Understand that Odom was the Lakers best pick and roll player last year when you combine the ability to initiate and finish in the set. His ability to create off the dribble for himself or his teammates is second to only Kobe and his instincts on when to pass and when to shoot probably surpass #24′s. Odom works effectively in space with and without the ball and getting him moving into the free space to take advantage of the attention Kobe/Gasol/Bynum draw is one of the best ways to create high percentage shots without having to run an actual play. Not to mention he’s one of the team’s best offensive rebounders so putting him in position to still attack the glass is also a key.

Can Mike Brown’s offense do all of these things for Odom; can his sets put Odom in positions to utilize such a wide variety of skills? The triangle naturally set Odom up to use all his natural ability by limiting the play calls and letting the players read and react to the defense. This let the players’ ability take over and put their versatility on full display. On any given possession Odom would bring the ball up and then shift from the two guard front to the to the wing; he’d set up shop at the elbow or sink into the short corner; he’d work to the middle of the paint off flashes and dive cuts, doing it all based off what the D was doing. On one side of the floor he’d be involved in a pick and roll with one of the big men, making an entry pass and then cutting to the rim looking for an easy score or setting up for the offensive rebound. On another possession he’d isolate at the top of the key in a 1-4 set or hang back behind the arc and shoot the long ball. But in Mike Brown’s O – one in which he’s stated the PG, SG, and SF are interchangeable parts as initiators and where big men are post up players and screeners – where does Odom fit in?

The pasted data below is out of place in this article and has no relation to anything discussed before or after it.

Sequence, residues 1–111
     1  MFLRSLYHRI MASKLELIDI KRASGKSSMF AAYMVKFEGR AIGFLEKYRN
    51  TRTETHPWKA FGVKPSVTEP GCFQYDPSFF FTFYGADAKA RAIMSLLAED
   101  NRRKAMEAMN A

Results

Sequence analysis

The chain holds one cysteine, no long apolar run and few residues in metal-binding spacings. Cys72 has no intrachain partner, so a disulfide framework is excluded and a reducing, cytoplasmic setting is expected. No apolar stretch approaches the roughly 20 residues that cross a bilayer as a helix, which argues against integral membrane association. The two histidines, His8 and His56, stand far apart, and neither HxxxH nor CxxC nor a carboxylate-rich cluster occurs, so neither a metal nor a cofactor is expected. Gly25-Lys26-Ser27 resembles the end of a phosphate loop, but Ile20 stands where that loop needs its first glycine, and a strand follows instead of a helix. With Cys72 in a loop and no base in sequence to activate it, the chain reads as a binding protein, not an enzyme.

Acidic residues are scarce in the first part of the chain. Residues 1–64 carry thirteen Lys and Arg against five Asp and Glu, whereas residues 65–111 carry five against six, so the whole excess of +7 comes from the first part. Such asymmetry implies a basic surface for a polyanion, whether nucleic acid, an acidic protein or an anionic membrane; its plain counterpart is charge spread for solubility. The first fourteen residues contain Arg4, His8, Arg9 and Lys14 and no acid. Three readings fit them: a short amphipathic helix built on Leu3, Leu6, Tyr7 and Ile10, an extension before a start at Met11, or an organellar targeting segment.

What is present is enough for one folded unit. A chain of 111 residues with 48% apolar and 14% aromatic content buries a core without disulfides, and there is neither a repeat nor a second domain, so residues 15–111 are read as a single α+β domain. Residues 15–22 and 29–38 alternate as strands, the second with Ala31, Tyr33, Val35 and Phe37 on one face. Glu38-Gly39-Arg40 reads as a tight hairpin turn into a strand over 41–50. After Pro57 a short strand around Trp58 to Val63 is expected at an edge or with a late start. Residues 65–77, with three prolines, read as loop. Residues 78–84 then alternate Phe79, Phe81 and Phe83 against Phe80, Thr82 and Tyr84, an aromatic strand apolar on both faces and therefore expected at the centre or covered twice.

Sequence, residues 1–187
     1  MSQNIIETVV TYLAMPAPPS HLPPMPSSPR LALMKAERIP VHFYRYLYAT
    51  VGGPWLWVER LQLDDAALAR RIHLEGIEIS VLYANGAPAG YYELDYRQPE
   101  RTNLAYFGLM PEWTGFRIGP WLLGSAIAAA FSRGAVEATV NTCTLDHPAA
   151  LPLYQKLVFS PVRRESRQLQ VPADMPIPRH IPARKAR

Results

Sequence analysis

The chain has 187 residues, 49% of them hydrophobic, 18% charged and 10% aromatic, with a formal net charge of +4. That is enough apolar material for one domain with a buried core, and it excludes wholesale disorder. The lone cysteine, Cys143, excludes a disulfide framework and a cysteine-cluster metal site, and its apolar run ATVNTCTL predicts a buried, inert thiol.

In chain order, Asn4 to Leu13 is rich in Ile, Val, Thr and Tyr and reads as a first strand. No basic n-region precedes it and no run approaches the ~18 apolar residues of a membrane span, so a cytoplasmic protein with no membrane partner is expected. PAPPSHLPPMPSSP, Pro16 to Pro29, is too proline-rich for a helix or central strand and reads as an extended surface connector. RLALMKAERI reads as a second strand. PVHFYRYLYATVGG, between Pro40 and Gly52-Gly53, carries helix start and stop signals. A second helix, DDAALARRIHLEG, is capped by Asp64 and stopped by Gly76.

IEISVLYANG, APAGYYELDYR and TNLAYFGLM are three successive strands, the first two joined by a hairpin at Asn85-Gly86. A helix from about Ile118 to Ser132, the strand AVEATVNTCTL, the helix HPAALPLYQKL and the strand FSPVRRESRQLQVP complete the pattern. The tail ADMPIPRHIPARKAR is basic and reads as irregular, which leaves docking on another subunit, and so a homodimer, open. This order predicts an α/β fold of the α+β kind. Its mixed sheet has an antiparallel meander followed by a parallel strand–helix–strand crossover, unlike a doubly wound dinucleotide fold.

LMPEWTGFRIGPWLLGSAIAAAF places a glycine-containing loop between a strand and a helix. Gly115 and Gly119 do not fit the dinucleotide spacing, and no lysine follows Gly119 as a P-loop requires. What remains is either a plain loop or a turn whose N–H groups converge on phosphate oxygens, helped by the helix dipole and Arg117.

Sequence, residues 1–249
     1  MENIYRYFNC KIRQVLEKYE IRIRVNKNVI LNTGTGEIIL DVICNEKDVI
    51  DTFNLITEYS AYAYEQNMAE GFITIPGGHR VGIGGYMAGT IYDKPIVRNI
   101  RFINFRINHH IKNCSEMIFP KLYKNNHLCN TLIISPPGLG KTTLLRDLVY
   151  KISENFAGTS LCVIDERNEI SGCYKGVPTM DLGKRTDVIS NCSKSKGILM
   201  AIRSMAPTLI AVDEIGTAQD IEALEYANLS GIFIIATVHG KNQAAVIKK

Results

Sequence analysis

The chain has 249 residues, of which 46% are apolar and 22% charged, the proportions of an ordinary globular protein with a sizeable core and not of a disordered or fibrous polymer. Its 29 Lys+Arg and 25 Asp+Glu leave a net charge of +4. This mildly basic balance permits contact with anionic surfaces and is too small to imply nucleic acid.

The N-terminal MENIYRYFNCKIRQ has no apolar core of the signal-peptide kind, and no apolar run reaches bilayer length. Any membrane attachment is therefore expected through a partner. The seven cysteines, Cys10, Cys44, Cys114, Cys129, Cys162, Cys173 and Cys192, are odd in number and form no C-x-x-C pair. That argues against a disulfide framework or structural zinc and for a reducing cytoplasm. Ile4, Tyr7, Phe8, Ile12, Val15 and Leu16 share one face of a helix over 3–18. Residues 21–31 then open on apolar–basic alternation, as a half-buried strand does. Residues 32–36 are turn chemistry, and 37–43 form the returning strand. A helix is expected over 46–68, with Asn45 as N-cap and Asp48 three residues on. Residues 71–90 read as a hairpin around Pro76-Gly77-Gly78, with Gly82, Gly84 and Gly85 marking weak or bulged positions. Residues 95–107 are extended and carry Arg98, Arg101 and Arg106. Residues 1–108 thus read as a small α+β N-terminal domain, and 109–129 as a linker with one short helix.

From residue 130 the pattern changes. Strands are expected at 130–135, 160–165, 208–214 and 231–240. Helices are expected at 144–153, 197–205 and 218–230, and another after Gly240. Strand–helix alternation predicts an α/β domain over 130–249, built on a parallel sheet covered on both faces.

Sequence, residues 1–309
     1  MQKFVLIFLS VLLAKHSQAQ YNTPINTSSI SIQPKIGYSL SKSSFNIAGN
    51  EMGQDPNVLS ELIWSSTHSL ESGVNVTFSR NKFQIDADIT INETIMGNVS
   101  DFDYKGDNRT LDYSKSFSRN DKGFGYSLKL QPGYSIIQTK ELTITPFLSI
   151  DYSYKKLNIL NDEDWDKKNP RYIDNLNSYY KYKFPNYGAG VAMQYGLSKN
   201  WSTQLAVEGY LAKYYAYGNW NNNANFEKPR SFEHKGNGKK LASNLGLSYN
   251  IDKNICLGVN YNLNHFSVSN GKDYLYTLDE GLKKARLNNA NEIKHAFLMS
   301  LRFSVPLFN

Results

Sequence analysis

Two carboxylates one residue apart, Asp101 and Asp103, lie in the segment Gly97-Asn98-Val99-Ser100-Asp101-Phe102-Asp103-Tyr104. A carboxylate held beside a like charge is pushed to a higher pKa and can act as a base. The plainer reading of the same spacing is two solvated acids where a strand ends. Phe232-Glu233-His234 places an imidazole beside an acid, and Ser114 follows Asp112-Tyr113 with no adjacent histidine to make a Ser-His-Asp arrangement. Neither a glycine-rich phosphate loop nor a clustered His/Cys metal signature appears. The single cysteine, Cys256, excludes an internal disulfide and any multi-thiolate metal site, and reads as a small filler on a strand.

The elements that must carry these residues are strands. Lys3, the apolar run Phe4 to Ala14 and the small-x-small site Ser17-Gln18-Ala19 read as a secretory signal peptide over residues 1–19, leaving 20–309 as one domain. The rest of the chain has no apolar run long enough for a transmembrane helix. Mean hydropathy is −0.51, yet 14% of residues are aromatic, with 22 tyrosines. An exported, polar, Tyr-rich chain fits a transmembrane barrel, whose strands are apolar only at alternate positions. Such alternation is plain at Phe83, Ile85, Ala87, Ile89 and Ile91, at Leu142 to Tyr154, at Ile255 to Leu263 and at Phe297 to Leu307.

Will he play like a guard? Like a big man? Can he do both for Brown like he did for Phil?

Carving out a role will be key, but in an offensive system where players usually play more conventional roles it will be interesting to see how one of the more unconventional players in the league is used. As a power forward, Odom can do it all but what will his coach ask him to do? And when he asks him, will it stifle his skill set or allow it to flourish? Right now, I have my questions and concerns as to how this will actually play out. We’ll know more when the games start, but the fact is we’ll have to wait because Mike Brown isn’t offering any clues as to how the versatility of Odom will be tapped into.

Darius Soriano